By Sharday Mosurinjohn
Elias Da Silva-Powell entered graduate school with the intention of studying P.G. Wodehouse, a British author whose writing is often overlooked by literary scholars due to its lighthearted content. But like the prolific Wodehouse, Elias’ interests and writerly talents have turned out to be far wider ranging than the work of a single author.
One of these dimensions is a flair for the comedic. While completing his undergraduate degree in English at Queen’s, Elias got involved as a cast member in Queen's Players (which he describes, wryly, but accurately, as “a riotous charity fundraising variety show”) and mentored incoming writers as a Senior Staff Writer at Queen’s weekly humour publication Golden Words (where he remains “the host of their rowdy annual Science Fair”).
On the more serious side of writing opportunities, Elias also served as the Editorials Editor of the Queen's Journal, volunteered as a Peer Tutor with The Writing Centre, and won a departmental prize for writing about poetry as well as other awards for academic excellence. Nonetheless, he maintains a sense of humour about his chosen discipline: “there are some misconceptions about English students – that you’re a perfect writer, or that you’ve read everything. You get obscure questions from people, like ‘There was this book from my childhood with a talking fork…you must know it, you’re an English major!’”
In addition to trying to get involved in just about all areas of the Queen’s community, in between Elias’ third and fourth year at Queen's he secured a summer student position working at the Ontario Disability Support Program. Working outside of his academic wheelhouse broadened Elias’ ideas about what kinds of work his schooling might lead into. After a late-summer promotion, he found himself working in the same provincial government program as an Income Support Clerk and arranged to stay in Kingston after graduating.
When the plan to continue in his summer job fell through, Elias spent a year doing a variety of odd jobs (including bartending, serving, catering, cooking, and exercising his sartorial skills at a high-end menswear shop), before landing an internship at TalentEgg, a career website started by Queen’s alumna Lauren Friese. TalentEgg offered “a great crash course in the world of online writing, editing and layout.” Working at TalentEgg also brought Elias into contact with “a passionate and highly motivated group of people,” as well as “two delightful office dogs I did my best to befriend over the course of the summer.”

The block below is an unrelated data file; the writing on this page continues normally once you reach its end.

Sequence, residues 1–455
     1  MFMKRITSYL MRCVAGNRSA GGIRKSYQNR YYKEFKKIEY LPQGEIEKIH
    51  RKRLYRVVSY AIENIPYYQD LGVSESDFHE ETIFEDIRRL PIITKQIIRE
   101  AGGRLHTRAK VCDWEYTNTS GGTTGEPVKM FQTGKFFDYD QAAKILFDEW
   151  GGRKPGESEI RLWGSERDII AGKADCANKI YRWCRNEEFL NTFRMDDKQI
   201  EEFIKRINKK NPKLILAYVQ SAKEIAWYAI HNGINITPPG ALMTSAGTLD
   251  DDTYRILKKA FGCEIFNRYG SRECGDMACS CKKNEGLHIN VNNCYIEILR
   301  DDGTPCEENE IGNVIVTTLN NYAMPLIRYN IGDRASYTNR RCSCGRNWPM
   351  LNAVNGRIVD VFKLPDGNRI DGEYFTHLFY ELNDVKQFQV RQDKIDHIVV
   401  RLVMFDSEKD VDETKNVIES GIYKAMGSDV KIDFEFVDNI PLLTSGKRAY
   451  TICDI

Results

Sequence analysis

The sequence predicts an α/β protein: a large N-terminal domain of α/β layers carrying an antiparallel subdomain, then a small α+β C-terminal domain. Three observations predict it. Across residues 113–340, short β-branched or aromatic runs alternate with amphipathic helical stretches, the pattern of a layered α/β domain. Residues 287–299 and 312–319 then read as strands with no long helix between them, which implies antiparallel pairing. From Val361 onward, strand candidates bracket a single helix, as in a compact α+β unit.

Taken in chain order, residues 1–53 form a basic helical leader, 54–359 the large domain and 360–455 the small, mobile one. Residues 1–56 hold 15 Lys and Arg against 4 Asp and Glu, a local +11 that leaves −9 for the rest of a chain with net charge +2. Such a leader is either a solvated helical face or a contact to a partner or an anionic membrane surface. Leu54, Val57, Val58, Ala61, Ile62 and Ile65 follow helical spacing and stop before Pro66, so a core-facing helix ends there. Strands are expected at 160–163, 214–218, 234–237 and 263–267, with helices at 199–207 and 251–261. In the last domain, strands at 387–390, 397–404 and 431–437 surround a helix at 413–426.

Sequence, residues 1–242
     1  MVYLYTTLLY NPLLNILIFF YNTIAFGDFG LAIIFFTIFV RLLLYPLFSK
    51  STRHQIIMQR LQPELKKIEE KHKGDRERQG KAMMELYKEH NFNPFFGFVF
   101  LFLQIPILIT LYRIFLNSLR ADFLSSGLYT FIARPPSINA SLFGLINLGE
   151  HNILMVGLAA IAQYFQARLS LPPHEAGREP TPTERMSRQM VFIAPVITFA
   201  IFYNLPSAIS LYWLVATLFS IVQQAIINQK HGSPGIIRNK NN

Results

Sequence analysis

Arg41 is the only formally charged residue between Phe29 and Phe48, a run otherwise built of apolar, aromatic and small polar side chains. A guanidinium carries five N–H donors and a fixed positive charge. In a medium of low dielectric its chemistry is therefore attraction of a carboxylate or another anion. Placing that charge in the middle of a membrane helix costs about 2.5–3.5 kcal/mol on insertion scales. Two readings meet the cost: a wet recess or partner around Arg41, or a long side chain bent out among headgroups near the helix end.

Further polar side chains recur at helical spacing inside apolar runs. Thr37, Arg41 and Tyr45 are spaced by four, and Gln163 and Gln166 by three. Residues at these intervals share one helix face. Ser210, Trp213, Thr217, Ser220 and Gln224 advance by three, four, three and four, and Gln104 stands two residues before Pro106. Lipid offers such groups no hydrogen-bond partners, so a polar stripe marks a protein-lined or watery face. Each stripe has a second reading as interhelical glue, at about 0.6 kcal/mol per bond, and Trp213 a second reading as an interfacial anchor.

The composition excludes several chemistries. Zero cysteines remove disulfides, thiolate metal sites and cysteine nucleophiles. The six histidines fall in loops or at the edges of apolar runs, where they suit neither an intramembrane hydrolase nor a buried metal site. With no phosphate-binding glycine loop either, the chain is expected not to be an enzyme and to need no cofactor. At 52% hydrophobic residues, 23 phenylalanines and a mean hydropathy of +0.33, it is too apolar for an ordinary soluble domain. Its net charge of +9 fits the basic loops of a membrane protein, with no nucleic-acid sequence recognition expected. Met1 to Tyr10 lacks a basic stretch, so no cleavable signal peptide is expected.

Some of the articles Elias authored during this time have been republished in the Metro chain of newspapers. One, a guide to navigating social networking events, offers the sage advice “don’t do shots.” During this time, Elias also co-authored an article on employment paths for arts grads with his workplace supervisor--an article which was later published in the Globe and Mail. “Most recently,” recalls the up-and-coming writer, “a piece I wrote about bow-ties was a big hit with a US based bow-tie company, who have offered me a free bow-tie from their catalogue!” The bow-tie sporting student was, in fact, recently featured in a Macleans spread on campus fashion.
Now, as Elias completes his coursework MA, he’s involved in a second internship through the English MA program's pilot internship project, with GreenCentre Canada. This green chemistry organization aids in research and development of green technologies “for example, finding a researcher who’s doing work in the academy that could be profitable and functional in industry and then helping them get that to market.” In this position, Elias has used his new roles to reinforce existing connections, drafting a job-focused article on green chemistry for TalentEgg, as well as arranging for an expert on green chemistry to give a community talk through Serendipity Hall, a grassroots speakers’ series founded by a friend of his.
Reflecting back on his trajectory so far, Elias remarks that he’s “developed a number of skills and workforce connections I hadn't dreamed of having when I graduated from Queen's in 2011.” The past year of “whirlwind changes” has helped him recognize that while he’s not quite sure what he’d like to do next, he’s confident “that a great deal of opportunity lies in any direction.” He owes a large part of his confidence to the support of his family, who have encouraged an attitude of perseverance and resolve in defining his own goals, whatever they may be.
Elias has also recognized a truth about the relationship between school and work that is a valuable one for any arts grad: “a degree in English is as viable a pathway to employment as any other. Like any level of education, its just a first step into unfamiliar territory: a means, not an end.”
Whatever path Elias chooses, he’s sure it will involve writing in one capacity or another. He’s also looking forward to meeting and working with new people. “I love talking to and learning about other people almost as much as I love writing” affirms the enterprising grad student. Envisioning the end of his graduate studies, Elias hopes that future experiences give him “the opportunity to be both a team-member and leader, working with and learning from others.”